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Formation of New Alkynyl(phenyl)iodonium Salts and Their Use in the Synthesis of Phenylsulfonyl Indenes and Acetylenes

Department of Chemistry, Aristotle University of Thessaloniki, Greece
Authors to whom correspondence should be addressed.
Molecules 2005, 10(10), 1340-1350;
Submission received: 31 March 2005 / Accepted: 27 July 2005 / Published: 31 October 2005


The preparation of phenylsulfonyl indene derivatives and phenylsulfonyl-acetylenes from readily available alkynyl(phenyl)iodonium tetrafluoroborates and triflates was investigated using phenylsulfinate as nucleophile.


Among the various known hypervalent iodine species alkynyliodonium salts represent an interesting class of compounds regarding their applications in organic synthesis [1,2,3,4,5,6,7,8,9]. Their major subgroup comprises a multitude of stable alkynyl(aryl)iodonium salts (1, Scheme 1) [9]. Since the first preparation of a labile alkynyl(aryl)iodonium salt [10] and the isolation of the first stable one [11] their reactivity patterns have been thoroughly studied. It is nowadays well established that 1 are, among other things, excellent partners for Michael-type conjugate additions as well as dienophiles in Diels-Alder reactions and dipolarophiles in 1,3-dipolar cycloadditions [9]. The great tendency of 1 to react with nucleophiles via conjugate addition is a result of the highly electrophilic nature of the β-acetylenic carbon. The subsequent fate of the initially formed iodonium ylide 2 depends on the reaction conditions (Scheme 1). Thus, reaction with a proton donor will yield an alkenyliodonium ion 3, whereas carbene 4 is formed via iodobenzene elimination. This carbene then either inserts intramolecularly into any suitable bond available (mainly a C-H bond from either R or Nu) to produce five-membered ring systems 5 and 6 or rearranges to give a new alkyne 7. By employing C-, O-, N- and S-nucleophiles [6,7,8,9,12] several substituted cyclopentenes [13], cyclopentenones [14] or hetero-cyclic derivatives such as pyrroles [15], indoles [16], thiazoles [17] and benzofurans [12,18] have been obtained. Sulfinate anions in particular were used as nucleophiles in the construction of cyclopentenes [13,19,20] and cyclopentenones [14]. Herein we wish to report our latest results concerning the additions of benzenesulfinate to alkynyl(phenyl)iodonium salts in order to obtain indene and (or) alkyne derivatives.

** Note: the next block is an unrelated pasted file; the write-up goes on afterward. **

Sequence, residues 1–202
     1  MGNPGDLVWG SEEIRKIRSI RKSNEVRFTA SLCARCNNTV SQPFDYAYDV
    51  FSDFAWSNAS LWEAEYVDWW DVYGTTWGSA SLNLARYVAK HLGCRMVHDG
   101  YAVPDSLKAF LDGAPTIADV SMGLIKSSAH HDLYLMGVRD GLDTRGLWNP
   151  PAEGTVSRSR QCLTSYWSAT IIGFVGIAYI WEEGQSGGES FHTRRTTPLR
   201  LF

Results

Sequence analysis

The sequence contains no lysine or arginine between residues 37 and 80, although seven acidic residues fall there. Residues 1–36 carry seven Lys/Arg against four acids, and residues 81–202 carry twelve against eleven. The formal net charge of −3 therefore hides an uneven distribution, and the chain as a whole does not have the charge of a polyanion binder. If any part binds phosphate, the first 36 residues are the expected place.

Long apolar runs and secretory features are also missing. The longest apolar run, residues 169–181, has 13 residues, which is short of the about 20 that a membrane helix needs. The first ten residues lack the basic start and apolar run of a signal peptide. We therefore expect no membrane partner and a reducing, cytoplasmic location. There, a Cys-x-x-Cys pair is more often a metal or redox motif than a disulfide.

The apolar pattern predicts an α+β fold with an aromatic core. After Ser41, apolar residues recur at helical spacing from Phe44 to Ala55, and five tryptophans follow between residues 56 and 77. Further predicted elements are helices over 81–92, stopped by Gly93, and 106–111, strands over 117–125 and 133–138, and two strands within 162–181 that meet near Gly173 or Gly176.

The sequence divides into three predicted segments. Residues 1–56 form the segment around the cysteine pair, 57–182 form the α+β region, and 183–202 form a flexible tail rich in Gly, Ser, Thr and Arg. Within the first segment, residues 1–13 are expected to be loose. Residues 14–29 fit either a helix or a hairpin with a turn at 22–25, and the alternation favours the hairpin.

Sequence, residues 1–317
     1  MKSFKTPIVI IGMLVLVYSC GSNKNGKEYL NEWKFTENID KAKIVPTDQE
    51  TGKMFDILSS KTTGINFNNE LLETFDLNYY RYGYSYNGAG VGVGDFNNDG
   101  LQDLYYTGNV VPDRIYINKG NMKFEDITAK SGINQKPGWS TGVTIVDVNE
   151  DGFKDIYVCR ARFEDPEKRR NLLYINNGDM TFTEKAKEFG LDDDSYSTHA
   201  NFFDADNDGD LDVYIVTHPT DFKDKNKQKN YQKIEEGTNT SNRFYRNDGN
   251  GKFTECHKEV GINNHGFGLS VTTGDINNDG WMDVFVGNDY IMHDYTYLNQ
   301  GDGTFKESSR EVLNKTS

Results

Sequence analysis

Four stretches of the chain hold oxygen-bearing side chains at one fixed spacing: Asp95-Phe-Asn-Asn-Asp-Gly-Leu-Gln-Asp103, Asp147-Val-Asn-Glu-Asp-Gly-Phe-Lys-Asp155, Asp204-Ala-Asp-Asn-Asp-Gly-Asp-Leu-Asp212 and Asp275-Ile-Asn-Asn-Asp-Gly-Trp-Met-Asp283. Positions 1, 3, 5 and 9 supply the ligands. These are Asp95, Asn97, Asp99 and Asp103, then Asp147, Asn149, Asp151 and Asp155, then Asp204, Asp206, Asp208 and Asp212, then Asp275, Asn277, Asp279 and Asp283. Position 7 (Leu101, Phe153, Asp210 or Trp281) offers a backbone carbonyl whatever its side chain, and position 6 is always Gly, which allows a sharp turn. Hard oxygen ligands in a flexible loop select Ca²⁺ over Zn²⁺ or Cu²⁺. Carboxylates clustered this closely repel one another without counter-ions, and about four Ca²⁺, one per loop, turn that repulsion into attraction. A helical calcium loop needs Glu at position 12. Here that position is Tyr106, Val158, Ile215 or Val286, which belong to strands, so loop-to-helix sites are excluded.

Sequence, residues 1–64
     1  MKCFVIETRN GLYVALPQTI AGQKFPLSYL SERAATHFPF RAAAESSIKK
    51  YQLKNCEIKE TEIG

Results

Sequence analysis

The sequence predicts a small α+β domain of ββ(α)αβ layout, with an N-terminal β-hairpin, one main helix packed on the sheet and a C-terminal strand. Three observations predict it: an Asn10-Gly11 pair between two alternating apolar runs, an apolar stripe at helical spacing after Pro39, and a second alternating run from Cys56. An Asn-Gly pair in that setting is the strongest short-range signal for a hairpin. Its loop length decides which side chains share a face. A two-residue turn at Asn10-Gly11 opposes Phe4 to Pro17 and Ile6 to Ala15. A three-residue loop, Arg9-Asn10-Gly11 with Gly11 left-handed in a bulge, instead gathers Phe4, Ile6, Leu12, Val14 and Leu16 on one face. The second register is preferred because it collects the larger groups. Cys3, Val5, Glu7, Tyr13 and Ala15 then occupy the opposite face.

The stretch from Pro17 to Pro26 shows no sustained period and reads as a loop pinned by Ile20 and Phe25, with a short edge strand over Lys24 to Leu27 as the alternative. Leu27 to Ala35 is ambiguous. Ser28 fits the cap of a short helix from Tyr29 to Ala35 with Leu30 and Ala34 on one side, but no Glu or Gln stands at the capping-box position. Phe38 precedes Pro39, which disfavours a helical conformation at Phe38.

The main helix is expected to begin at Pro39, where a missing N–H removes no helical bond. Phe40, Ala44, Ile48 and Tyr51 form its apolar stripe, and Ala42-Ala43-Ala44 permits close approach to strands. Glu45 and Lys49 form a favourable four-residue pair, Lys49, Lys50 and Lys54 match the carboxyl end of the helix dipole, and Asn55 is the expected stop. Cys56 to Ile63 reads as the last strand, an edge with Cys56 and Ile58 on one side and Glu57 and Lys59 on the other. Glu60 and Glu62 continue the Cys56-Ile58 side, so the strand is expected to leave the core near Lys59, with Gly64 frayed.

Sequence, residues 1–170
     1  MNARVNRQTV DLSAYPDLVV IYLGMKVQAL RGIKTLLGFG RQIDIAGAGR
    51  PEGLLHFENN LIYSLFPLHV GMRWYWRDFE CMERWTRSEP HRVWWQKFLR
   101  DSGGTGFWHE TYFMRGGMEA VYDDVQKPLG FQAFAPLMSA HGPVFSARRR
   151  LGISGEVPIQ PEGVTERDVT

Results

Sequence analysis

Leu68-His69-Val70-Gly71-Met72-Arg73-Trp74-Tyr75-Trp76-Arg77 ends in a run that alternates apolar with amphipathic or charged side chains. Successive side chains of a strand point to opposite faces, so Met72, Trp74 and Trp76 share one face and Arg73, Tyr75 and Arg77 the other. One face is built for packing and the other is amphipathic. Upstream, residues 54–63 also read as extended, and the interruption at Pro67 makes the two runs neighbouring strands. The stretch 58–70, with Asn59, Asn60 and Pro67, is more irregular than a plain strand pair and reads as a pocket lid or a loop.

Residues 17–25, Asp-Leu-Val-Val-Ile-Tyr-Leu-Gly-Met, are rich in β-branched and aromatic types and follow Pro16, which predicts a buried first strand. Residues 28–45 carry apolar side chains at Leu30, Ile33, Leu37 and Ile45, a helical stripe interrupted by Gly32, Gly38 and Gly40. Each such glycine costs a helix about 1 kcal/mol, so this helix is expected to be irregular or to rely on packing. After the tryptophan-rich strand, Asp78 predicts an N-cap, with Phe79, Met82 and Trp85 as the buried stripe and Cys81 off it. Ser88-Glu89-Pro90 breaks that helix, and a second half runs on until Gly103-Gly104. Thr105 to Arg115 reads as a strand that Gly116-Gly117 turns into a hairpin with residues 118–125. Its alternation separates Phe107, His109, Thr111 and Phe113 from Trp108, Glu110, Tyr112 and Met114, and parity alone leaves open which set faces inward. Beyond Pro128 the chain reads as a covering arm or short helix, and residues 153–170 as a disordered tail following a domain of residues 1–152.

Scheme 1.
Scheme 1.
Molecules 10 01340 g002

Results and Discussion

The required alkynyl(phenyl)iodonium salts, 11 and 13, were prepared from the corresponding o-substituted phenyliodides 8a-c [21,22] (Scheme 2). These were first converted to arylalkynes 9 in very good yields through a Sonogashira reaction [23,24]. Some of the corresponding desilylated products 10 were also obtained in these reactions. Arylalkynes 9 were then treated first with iodosylbenzene in the presence of BF3·OEt2 [25] and subsequently with aqueous NaBF4 [26,27] to produce tetrafluoroborates 11. The Zefirov reagent 12 [28] was also used to prepare the triflate analogues 13 directly from the same intermediates 9 [29,30].
Scheme 2.
Scheme 2.
Molecules 10 01340 g003
1-Bromonaphthalene (14) was similarly used to prepare the corresponding iodonium salts (Scheme 3). First the major Sonogashira reaction product 15 was obtained from 14, along with some of the desilylated product 16. Compound 15 then furnished 1-alkynyl(naphthyl)iodonium tetrafluoroborate and the triflate analogue 18 upon reaction with iodosylbenzene/NaBF4 or the Zefirov reagent, respectively. We did not try to isolate and characterize all these iodonium salts (assumed to be reasonably stable) since they could be successfully employed in their reactions with benzenesulfinate without any further purification.